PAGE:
Disability inquiry cancels public events

Megan Neil
Disability inquiry chair Ronald Sackville QC said upcoming public hearings have been postponed

The disability royal commission has cancelled all public events including hearings and face-to-face sessions with abuse and neglect survivors due to concerns about the spread of coronavirus.

Chair Ronald Sackville QC on Monday said its next three public hearings have been postponed, while community forums and face-to-face private sessions have been suspended until further notice.

"The commission has decided that these measures are necessary in view of the risks to health, especially to people with disability who are often particularly vulnerable to infections," he said.

Mr Sackville said the commission is considering the implications of the situation for its timetable.

"There is a great deal of important work that can and will continue despite the postponement of some of the royal commission's activities," he said.

The postponed public hearings were to be held in Brisbane next week and in April, as well as one scheduled for Alice Springs in May.

Mr Sackville said people can continue to tell the royal commission about their experiences of violence, abuse, neglect and exploitation, including by phone, in writing or an audio or video recording.

The aged care royal commission is continuing to hold its scheduled hearings and workshops but members of the public are not allowed in the hearing room.

That measure began with a two-day workshop that began in Adelaide on Monday.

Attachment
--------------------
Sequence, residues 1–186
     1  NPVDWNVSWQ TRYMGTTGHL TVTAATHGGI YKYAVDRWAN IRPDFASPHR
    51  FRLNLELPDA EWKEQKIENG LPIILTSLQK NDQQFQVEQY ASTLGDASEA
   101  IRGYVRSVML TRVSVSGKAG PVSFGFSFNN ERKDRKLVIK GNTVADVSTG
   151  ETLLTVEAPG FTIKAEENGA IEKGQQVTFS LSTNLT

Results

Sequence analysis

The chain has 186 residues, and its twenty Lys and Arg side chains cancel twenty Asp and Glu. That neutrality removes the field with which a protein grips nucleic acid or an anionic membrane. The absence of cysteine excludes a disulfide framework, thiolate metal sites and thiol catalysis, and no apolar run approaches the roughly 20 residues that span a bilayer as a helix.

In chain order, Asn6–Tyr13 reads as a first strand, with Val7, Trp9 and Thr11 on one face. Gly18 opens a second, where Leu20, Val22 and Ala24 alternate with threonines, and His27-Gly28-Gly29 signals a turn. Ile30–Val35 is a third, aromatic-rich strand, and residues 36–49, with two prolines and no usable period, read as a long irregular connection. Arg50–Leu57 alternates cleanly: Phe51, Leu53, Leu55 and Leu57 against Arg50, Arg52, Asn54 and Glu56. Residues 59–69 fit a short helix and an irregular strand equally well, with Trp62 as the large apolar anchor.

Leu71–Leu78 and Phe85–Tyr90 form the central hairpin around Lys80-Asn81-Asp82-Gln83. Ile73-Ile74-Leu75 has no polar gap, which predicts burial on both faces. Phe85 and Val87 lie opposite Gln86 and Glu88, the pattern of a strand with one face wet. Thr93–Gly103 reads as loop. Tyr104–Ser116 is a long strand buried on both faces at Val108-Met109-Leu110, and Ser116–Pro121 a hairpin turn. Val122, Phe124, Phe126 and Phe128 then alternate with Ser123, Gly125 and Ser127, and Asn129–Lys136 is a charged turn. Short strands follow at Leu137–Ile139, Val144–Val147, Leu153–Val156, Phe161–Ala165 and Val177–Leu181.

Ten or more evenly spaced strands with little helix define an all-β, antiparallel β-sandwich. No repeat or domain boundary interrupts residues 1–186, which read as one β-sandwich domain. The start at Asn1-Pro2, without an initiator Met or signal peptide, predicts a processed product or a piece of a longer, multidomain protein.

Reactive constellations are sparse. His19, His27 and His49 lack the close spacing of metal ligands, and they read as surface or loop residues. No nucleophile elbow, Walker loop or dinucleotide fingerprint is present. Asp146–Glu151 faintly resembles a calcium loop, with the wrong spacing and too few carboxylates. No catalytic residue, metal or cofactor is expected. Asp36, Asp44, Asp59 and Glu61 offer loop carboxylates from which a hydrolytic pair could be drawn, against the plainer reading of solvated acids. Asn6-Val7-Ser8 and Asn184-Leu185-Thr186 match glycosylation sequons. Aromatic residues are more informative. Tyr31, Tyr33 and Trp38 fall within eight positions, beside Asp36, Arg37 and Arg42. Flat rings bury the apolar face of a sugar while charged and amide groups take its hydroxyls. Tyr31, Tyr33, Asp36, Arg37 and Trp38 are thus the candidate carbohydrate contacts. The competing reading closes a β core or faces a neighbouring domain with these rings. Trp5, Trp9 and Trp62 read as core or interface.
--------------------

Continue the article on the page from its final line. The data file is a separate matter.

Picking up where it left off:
Counsel assisting the inquiry Peter Rozen QC said the commissioners took the precautionary step of not permitting the public to attend its hearings and workshops due to the health risk of the virus.

"The step has not been taken lightly," Mr Rozen said.

"It is intended to protect public health and especially the health of older frail people."

Some witnesses are appearing via videolink instead of in person, if they receive aged care services, work in the sector or are in contact with any of those groups.

Commission chair Tony Pagone QC stressed that the hearings were still being webcast to the public.

The royal commission last week stopped site visits to aged care residential homes and meetings with people engaged with aged care who work with the elderly.

The aged care royal commission is due to deliver its final report in November, while the disability inquiry has until October 30 to submit its interim report.